So, even though the man himself has dismissed 'The Mayor of Simpleton' as being superficial, 'too simple', he's doing down his own work and taking his own enormous talent and songwriting know-how for granted (this doesn't matter to us of course: this attitude produces a loss for Andy, not the listener - though it perhaps explains why he is making records and most of us are not- it can help never being satisfied).

There are three other very good reasons why the composer shouldn't denigrate a wonderful piece of writing and recording. The singing on the track is Partridge at his best. He hasn't a beautiful or conventionally noteworthy voice - he has rarely sung with a suggestion of vibrato for example- but often it's devastatingly attractive. He sings in the American style - apart from the 't' in university instead of a 'd' on the last consonant - and to superb effect here on both the verses and the choruses, which see him moving into the upper register where his singing is full of character, control and clarity. It's neither warm nor cold, soft nor harsh. Perhaps its best feature is the fact that it sounds entirely unforced, never trying to manipulate the listener. It's the sound of a completely honest musician and probably honest bloke; someone in the studio always just singing their nuts off and doing nothing less than their absolute best, distracted by nothing in the world outside. So in the end what we get sounds entirely natural, something capable of carrying the emotional content of the song with exceptional directness. No small attribute.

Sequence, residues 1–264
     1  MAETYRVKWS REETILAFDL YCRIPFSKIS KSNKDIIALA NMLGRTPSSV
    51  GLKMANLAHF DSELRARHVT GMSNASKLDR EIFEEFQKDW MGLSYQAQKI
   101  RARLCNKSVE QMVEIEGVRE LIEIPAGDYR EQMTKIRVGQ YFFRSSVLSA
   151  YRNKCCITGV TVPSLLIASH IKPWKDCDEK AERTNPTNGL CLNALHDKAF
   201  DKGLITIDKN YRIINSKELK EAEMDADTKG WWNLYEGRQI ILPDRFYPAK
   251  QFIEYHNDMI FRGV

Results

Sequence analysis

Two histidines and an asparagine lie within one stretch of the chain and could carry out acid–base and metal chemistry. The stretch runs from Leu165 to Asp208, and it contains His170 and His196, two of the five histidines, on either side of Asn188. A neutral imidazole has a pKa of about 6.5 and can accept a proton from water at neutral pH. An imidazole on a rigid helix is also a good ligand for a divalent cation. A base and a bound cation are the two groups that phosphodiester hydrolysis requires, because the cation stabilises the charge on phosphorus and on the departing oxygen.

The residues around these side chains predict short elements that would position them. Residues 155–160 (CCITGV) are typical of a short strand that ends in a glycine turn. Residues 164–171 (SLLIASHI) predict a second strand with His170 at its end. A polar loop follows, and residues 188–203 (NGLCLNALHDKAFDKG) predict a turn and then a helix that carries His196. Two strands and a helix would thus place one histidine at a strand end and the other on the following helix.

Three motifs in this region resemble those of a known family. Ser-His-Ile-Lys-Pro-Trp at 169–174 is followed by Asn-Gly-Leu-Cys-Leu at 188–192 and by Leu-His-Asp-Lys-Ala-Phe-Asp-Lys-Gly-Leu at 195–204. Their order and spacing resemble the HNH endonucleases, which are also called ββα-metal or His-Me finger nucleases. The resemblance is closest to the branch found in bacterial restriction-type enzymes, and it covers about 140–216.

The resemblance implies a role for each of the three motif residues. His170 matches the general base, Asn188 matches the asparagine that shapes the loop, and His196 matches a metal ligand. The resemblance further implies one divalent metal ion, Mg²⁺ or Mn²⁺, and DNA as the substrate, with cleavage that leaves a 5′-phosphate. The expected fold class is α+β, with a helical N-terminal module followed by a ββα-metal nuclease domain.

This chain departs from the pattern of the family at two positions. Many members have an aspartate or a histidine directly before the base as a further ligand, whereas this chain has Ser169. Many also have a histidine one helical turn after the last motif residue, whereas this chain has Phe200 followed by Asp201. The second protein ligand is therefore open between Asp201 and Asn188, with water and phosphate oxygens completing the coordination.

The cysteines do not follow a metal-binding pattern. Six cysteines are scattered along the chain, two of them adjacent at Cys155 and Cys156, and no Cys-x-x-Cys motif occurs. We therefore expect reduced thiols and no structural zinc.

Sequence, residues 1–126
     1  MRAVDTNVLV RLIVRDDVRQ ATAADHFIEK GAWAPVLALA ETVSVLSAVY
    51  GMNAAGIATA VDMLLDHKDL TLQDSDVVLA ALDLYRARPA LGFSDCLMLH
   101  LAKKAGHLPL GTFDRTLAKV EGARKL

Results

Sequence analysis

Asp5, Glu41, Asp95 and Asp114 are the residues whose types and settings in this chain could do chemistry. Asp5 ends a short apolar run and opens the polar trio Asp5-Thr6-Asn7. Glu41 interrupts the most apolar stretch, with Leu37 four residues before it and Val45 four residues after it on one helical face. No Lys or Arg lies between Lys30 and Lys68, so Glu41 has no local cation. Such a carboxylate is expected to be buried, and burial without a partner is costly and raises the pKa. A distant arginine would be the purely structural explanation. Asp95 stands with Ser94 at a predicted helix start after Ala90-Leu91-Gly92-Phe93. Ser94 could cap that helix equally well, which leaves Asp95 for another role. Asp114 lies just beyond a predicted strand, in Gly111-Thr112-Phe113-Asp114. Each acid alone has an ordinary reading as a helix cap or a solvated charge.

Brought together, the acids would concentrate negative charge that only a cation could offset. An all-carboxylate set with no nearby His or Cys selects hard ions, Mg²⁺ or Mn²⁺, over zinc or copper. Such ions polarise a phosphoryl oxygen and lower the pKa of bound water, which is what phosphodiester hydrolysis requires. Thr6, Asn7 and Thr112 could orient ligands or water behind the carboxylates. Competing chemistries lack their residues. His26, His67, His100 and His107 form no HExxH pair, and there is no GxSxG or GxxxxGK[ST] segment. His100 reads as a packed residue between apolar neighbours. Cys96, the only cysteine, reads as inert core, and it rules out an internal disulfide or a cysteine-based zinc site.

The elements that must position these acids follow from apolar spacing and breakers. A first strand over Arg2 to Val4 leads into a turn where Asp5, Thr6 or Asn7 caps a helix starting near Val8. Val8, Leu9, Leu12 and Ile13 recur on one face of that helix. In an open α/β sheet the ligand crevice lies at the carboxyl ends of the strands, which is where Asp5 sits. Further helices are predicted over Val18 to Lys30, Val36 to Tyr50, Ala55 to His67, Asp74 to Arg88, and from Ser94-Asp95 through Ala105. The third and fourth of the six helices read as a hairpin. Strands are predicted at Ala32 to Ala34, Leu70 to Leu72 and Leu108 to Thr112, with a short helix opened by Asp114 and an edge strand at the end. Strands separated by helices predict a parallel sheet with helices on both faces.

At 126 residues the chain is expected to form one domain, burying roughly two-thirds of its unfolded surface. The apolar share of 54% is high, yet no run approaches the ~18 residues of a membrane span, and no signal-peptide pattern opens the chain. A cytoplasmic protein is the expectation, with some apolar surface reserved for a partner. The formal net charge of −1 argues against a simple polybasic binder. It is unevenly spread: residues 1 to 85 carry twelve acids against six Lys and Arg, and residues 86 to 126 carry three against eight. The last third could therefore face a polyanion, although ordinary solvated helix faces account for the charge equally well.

Secondly, in the vocal department we also some really fine counter melody harmony composing, something he probably learned from the work of Brian Wilson. It's just used twice on this track, between the lines of the second and third verses but it works wonderfully: a falling run of notes that sounds uncannily like a pealing of wedding bells if you pick the notes out yourself on an instrument. This device, aurally very exciting if well executed has been much underused in popular music since the late-sixties and although one accepts that it's one which may be a piece of particularly subjective judgement, it is hugely to Andy Partridge's credit that he uses it on this song and elsewhere on 'Oranges And Lemons.'

Which connects us to the third and final reason: the song's lyrics. Partridge has also pointedly dismissed these in print, but from the point of the critic and punter he's way, way out. He may not be able to relate directly to the protagonist when he tries to tell us he's basically stupid, which the composer is a long way from himself indeed, and in the end lyrically the song might be emotionally negligible. However, in writing the words for 'The Mayor Of Simpleton' he proves himself to be a great lyricist in that he uses them and selects them to brilliant effect. There are many examples of superlative, unusual rhyming which by the by build the imagery of his extended metaphor outstandingly.

Take the last verse:

'if depth of feeling is a currency then I'm the man who grew the money tree'

Or an earlier verse,

'I can't have been there when brains were handed round or get past the cover of your books profound'


'Well I don't know how many pounds make up a ton of all the nobel prizes that I've never won.'

If not every line is a peach it's doubtless only because the song didn't mean all that much to him personally. Even then, seemingly workaday parts of the lyric are peppered with great single lines, phrases and images: 'learned degree', 'when logic grows cold and all thinking gets done..'. And just listening to him getting away with phrases which on paper look cumbersome and unsingable: 'never been near a university' and 'crossword puzzles that I just shun' one justs laughs and admires the man. The composer would also do well to remember that the essential message of the song does stand up: we are all of us, bar none, no matter how stuffed full of school certificates and 'learned degrees', capable of behaving and going about our business with the most alarming stupidity. We are all Mayors of Simpleton.